15. Effect of interlayer on structure and performance of anode-supported SOFC single cells.

    PubMed

    Eom, Tae Wook; Yang, Hae Kwang; Kim, Kyung Hwan; Yoon, Hyon Hee; Kim, Jong Sung; Park, Sang Joon

    2008-09-01

    To lower the operating temperatures in solid oxide fuel cell (SOFC) operations, anode-supported SOFC single cells with a single dip-coated interlayer were fabricated and the effect of the interlayer on the electrolyte structure and the electrical performance was investigated. For the preparation of SOFC single cells, yttria-stabilized zirconia (YSZ) electrolyte, NiO-YSZ anode, and 50% YSZ-50% strontium-doped lanthanum manganite (LSM) cathode were used. In order to characterize the cells, scanning electron microscopy (SEM) and atomic force microscopy (AFM) were utilized and the gas (air) permeability measurements were conducted for gas tightness estimation. When the interlayer was inserted onto NiO-YSZ anode, the surface roughness of anode was diminished by about 40% and dense crack-free electrolytes were obtained. The electrical performance was enhanced remarkably and the maximum power density was 0.57 W/cm(2) at 800 degrees C and 0.44 W/cm(2) at 700 degrees C. On the other hand, the effect of interlayer on the gas tightness was negligible. The characterization study revealed that the enhancement in the electrical performance was mainly attributed to the increase of ion transmission area of anode/electrolyte interface and the increase of ionic conductivity of dense crack-free electrolyte layer. PMID:18571861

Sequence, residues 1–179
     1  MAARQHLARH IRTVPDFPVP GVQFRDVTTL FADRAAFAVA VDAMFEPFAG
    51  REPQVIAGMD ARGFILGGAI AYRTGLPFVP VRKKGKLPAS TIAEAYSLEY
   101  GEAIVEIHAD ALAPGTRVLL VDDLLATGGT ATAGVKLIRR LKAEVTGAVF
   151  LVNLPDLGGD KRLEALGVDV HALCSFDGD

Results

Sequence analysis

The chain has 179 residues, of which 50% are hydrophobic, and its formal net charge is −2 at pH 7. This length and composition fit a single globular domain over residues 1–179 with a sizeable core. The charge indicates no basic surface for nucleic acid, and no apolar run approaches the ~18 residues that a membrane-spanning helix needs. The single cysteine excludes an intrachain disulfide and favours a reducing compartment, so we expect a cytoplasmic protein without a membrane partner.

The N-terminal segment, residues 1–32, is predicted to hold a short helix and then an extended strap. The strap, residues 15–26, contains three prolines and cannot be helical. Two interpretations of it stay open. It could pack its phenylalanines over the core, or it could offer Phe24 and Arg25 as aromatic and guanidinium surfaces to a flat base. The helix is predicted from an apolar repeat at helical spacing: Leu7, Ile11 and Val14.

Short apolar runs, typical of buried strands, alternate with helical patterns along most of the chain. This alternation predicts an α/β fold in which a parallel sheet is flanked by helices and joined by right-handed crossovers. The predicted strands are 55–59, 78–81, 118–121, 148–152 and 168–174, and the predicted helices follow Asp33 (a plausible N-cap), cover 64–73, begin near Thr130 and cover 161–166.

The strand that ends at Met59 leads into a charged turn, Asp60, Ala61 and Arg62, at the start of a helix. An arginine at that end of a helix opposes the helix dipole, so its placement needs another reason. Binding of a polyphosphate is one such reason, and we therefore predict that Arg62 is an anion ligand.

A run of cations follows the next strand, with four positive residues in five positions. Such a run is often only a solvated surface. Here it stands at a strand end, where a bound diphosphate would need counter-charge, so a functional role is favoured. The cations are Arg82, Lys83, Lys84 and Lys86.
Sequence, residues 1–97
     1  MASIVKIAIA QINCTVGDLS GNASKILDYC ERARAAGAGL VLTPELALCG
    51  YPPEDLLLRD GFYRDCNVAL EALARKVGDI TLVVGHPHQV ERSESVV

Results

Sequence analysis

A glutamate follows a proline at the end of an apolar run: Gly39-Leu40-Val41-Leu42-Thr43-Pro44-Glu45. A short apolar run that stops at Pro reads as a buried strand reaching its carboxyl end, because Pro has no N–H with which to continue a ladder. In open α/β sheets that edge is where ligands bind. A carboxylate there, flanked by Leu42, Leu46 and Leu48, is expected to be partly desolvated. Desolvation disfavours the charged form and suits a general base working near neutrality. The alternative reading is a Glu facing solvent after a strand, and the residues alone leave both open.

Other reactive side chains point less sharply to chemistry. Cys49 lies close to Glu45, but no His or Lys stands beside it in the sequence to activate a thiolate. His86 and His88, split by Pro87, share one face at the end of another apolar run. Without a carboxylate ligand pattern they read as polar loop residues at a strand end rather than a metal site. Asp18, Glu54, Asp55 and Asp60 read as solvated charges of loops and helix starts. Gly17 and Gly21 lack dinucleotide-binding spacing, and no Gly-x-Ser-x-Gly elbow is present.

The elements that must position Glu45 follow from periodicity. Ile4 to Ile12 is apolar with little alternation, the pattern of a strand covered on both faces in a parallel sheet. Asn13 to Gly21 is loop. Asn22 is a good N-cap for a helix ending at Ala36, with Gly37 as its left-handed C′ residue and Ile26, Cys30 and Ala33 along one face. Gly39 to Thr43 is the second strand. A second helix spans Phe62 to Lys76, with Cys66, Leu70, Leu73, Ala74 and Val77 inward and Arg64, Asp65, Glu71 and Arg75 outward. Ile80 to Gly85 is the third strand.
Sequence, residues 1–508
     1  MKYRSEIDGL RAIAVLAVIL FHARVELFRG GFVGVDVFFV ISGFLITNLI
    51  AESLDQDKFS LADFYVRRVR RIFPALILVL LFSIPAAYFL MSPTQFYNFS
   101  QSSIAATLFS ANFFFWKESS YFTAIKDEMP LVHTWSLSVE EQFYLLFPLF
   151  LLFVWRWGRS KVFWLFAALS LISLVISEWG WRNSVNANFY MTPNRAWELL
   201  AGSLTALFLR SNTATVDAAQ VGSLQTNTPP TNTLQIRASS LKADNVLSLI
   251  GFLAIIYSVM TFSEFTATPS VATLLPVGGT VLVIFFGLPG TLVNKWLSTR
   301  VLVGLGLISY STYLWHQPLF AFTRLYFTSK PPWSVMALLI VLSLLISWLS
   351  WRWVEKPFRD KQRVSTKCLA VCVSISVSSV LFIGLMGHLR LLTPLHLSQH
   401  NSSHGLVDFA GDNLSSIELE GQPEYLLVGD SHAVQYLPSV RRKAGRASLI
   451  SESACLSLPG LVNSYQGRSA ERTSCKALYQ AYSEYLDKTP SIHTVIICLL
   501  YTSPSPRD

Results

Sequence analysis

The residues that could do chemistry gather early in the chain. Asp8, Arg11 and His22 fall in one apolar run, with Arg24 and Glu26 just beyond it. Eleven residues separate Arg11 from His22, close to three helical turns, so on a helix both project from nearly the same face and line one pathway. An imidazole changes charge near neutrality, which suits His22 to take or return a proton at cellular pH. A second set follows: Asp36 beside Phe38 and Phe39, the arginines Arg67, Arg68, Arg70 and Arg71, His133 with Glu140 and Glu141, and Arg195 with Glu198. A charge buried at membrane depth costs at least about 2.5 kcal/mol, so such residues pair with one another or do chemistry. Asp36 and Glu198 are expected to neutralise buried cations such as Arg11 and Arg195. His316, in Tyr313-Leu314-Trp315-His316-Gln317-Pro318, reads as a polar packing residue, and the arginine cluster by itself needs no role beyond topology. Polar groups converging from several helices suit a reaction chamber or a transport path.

16. Development and analysis of micro-polygeneration systems and adsorption chillers

    NASA Astrophysics Data System (ADS)

    Gluesenkamp, Kyle